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Samsung Epix (AT&T)


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AT&T’s Samsung Epix could easily be called the BlackJack III: It has a similar design to both the BlackJack and BlackJack II, but adds a few new features, including Wi-Fi, and its Windows Mobile 6.1 Professional operating system takes advantage of the device’s touchscreen. We also like the new built-in optical mouse and faster 624-MHz processor. The Epix is certainly a step up from the BlackJack II but, at $199, it also costs $50 more than the BlackJack II did when it first hit store shelves. Is it worth the price?


We like the smoke gray coloring of the Samsung Epix, although we still think the original black of the BlackJack looked sharper. At 4.6 x 2.4 x 0.5 inches, the Epix has a slightly larger footprint than its predecessor. It’s also 0.3 ounces heavier, likely due to the higher capacity 1800mAh battery and integrated touchscreen. In our hands, the device felt a bit bulky but solid. It’s taller than the BlackBerry Bold but not as wide.

Below the screen are silver keys that include Menu, Send, and End, and two soft keys. The volume keys are high on the left side, making one-handed volume adjustment difficult. With the Epix, the controls have been moved down to the middle of the device, which we appreciate.

The right side of the unit has a microSD slot; the Epix supports SDA 2.0, which means that microSD Cards up to 32GB in capacity will be supported as they become available. Also on the right side of the Epix is a shared headphone/charging proprietary jack. We would prefer a 3.5mm headphone jack, which would accommodate any standard earphones, but at least Samsung includes an adapter. There’s a 2-MP camera on the back of the unit, but it doesn’t have a flash.




Display and Optical Mouse

The 2.5-inch, 320 x 320-pixel touchscreen display can be operated via touch or with the included stylus, which fits snugly in the top left corner of the phone. While we appreciated the vibrating haptic feedback, we enjoyed much better accuracy with the stylus. A capacitive display this is not.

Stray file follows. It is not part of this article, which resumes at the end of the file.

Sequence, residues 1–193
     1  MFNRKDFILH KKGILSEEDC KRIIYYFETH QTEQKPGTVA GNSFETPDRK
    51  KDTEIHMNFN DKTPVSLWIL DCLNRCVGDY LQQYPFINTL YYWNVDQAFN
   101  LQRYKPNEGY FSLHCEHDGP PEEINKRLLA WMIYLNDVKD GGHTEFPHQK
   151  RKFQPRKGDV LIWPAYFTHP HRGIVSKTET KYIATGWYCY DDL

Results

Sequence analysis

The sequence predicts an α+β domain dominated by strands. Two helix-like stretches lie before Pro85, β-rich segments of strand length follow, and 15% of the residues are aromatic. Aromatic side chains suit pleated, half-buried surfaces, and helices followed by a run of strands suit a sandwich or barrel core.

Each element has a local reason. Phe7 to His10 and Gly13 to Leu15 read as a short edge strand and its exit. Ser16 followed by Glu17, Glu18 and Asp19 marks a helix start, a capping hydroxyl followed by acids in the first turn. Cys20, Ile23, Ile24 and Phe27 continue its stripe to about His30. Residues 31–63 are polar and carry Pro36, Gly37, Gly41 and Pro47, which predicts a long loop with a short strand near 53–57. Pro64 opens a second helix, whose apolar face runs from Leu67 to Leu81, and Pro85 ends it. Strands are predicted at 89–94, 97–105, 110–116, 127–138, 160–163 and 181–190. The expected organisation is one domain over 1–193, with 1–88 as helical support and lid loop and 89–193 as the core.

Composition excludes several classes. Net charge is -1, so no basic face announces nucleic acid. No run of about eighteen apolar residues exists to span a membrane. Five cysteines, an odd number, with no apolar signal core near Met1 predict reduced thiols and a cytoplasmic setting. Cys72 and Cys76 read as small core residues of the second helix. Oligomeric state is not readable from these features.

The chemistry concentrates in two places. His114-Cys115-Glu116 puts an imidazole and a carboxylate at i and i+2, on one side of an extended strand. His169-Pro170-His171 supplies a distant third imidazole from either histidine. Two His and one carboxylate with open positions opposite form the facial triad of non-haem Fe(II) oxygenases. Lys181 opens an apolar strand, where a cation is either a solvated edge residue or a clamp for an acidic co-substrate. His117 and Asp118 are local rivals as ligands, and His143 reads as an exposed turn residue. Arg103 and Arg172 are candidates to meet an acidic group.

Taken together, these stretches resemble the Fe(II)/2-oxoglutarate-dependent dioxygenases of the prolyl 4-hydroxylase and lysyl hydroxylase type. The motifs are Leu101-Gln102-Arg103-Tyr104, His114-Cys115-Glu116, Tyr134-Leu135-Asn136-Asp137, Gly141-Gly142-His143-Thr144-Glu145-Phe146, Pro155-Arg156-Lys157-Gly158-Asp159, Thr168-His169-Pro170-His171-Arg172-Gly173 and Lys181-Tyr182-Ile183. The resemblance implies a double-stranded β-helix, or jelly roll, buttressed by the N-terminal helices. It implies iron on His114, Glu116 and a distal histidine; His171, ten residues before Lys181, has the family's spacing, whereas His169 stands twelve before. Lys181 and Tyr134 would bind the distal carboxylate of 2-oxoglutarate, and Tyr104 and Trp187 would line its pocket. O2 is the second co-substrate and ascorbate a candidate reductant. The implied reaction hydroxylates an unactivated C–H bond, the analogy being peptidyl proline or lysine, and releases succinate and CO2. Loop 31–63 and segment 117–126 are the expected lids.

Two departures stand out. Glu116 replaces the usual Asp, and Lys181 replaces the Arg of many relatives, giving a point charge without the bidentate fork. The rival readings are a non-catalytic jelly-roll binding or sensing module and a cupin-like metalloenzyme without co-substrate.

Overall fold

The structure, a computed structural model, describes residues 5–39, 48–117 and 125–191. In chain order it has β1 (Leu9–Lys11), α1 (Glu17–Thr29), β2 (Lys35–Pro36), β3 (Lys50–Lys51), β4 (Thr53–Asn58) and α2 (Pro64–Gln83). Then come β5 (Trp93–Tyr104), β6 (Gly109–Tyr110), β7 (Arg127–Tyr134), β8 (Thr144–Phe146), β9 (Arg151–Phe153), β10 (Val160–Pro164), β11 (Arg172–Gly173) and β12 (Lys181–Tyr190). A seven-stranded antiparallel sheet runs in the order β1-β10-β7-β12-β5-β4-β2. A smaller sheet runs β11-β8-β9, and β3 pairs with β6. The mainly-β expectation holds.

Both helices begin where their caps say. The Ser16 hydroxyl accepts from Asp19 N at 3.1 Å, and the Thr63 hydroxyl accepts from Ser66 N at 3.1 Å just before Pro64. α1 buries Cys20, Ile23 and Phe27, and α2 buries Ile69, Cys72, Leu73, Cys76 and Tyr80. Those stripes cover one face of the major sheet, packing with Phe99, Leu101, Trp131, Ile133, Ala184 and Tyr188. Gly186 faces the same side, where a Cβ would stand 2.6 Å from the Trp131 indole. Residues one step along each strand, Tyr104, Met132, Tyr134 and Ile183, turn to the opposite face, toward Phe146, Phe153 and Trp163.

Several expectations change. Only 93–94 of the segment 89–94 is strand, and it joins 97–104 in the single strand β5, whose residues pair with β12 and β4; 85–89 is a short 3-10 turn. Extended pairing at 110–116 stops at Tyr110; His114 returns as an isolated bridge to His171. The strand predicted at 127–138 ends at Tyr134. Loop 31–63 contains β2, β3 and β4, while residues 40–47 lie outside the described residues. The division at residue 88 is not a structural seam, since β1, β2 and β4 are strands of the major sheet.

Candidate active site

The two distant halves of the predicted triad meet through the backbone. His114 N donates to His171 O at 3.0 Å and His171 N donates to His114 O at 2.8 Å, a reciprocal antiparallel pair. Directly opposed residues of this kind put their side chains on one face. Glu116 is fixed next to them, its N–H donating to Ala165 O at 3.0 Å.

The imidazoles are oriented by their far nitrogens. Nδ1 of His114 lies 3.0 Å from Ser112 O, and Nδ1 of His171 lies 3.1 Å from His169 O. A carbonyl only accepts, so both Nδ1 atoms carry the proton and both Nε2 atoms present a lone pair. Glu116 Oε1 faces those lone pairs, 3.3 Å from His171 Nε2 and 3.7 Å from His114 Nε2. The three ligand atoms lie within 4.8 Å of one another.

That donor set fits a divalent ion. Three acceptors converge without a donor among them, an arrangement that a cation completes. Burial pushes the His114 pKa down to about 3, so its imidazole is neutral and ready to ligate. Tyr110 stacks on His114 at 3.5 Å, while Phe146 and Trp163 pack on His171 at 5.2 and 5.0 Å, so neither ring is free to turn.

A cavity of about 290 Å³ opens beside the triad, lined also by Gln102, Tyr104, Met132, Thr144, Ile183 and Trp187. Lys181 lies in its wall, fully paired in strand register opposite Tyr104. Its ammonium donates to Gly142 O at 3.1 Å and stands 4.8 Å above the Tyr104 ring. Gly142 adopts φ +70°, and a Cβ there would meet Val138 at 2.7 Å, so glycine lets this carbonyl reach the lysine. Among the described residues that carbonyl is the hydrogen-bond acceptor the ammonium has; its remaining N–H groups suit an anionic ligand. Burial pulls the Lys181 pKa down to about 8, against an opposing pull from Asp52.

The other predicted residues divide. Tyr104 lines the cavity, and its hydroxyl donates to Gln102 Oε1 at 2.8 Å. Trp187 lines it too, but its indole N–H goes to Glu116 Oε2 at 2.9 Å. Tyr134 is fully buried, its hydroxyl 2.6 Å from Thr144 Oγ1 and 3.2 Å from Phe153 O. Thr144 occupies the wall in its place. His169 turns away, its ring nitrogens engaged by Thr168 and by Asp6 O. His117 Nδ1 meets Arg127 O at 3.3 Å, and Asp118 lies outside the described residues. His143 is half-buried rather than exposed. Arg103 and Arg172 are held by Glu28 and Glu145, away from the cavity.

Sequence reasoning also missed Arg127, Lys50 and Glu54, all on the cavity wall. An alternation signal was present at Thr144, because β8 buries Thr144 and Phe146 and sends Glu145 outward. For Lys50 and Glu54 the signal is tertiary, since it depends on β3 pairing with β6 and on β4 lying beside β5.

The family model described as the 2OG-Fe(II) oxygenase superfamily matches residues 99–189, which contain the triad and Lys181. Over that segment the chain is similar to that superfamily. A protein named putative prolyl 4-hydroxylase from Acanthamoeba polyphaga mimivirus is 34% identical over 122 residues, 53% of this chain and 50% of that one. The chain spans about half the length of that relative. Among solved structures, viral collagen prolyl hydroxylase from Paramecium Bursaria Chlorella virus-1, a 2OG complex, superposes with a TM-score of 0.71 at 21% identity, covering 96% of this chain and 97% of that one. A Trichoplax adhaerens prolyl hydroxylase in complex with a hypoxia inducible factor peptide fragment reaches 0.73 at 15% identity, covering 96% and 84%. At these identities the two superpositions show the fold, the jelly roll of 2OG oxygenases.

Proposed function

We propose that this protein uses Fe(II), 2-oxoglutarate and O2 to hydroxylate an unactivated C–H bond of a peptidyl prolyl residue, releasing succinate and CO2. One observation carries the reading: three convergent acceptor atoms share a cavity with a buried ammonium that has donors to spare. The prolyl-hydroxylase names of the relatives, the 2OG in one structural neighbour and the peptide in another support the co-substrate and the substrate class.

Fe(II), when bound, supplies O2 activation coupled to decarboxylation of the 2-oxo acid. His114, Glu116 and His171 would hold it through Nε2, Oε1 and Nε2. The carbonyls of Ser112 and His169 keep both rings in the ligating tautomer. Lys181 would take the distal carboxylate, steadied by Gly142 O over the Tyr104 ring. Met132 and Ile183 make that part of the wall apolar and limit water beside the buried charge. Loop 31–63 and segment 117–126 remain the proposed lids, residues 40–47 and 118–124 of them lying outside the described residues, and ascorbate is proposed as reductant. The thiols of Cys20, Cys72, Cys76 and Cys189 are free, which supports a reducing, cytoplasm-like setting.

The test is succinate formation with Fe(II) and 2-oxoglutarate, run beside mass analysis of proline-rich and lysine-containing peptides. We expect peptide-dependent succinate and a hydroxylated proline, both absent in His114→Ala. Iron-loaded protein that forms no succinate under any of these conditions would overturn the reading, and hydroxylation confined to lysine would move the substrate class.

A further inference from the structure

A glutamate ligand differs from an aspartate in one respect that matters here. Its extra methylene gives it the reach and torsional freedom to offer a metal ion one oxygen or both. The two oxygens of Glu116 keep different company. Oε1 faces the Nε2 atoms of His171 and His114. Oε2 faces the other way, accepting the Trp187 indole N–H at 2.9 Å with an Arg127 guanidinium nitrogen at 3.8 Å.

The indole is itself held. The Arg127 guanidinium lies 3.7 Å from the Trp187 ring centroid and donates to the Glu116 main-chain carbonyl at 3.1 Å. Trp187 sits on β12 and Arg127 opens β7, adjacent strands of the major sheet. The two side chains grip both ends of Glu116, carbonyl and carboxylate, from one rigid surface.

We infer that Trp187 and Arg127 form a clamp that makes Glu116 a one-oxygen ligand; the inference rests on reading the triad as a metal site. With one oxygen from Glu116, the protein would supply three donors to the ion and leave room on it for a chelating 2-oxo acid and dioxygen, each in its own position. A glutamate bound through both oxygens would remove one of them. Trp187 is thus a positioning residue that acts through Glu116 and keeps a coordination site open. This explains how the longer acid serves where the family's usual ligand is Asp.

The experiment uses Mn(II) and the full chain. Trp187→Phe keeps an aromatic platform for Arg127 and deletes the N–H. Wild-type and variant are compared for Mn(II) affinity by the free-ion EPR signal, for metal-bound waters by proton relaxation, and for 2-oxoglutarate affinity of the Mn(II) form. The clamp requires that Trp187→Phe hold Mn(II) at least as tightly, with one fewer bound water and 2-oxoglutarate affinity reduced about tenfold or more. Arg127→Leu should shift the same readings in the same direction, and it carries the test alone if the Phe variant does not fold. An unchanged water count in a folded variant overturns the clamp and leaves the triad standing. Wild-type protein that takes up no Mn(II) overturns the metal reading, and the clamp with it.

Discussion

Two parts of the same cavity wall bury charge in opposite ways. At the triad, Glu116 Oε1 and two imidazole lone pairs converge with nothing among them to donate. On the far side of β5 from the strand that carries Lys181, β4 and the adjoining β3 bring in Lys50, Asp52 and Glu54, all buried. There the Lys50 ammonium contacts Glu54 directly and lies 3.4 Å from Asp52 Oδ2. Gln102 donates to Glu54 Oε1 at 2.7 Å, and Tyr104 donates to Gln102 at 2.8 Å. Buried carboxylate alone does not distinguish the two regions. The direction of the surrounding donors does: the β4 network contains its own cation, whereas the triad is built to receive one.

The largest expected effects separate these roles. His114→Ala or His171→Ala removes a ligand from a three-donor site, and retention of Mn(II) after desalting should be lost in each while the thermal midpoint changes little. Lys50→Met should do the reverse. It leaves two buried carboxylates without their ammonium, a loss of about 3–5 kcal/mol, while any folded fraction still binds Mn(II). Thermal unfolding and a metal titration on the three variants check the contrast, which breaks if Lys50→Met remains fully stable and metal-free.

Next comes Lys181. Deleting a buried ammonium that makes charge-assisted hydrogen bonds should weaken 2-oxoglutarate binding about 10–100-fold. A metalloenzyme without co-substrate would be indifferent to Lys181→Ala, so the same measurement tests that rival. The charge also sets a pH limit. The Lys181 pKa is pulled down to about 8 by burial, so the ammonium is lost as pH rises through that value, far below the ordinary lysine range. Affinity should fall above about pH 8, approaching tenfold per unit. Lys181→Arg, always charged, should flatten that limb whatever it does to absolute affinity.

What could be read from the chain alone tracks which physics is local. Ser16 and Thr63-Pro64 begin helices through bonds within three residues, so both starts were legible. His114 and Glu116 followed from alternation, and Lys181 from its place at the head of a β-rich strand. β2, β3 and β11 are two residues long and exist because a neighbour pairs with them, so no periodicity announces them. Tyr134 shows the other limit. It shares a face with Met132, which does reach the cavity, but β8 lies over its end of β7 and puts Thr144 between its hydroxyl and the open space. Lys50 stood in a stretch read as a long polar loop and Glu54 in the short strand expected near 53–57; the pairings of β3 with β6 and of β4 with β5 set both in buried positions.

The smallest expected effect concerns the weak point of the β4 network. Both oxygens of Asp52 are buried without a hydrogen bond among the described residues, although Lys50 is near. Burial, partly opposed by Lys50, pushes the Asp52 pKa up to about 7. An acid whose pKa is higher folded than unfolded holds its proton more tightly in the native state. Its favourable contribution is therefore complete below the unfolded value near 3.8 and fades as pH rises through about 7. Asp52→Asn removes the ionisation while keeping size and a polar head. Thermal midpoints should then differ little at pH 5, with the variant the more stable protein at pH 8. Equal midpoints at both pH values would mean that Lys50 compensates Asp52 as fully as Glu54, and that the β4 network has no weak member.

Because this is a touchscreen device, you won’t find a Back key for backing out of menus or selections. There’s a soft key on the touchscreen for this purpose, which takes some getting used to.

The jog wheel has been replaced by an optical mouse, similar to that of the Samsung Omnia, which let us easily control a cursor on the display by moving our finger on it as if it were a small touchpad. The optical mouse feature can be turned off, and the pad can be used as a multi-directional controller, which some may prefer when scrolling Web pages.


The full QWERTY keypad remains relatively the same as on the BlackJack II: small with somewhat stiff keys, but we appreciated its good tactile feedback and that the numbers were still close together for quick dialing. Within a day, we were typing at the same pace as we do on our BlackBerry Curve.

User Interface and Performance

Running Windows Mobile 6.1 Professional, the Epix reminds us of the unlocked Palm Treo Pro, which has similar features. The touchscreen’s haptic feedback gave a gentle buzz each time it registered an on-screen selection. Navigating the standard Windows Mobile home screen was easy; you can customize it to display your calendar, e-mail, and more.

We noticed during our testing that Windows Mobile 6.1 Professional didn’t hang while we had other applications open; this is likely due to the significantly faster processor on the Epix (running at 624 MHz, a significant improvement over the 260 MHz on the BlackJack II), and the 256MB of included ROM and 128MB of RAM.

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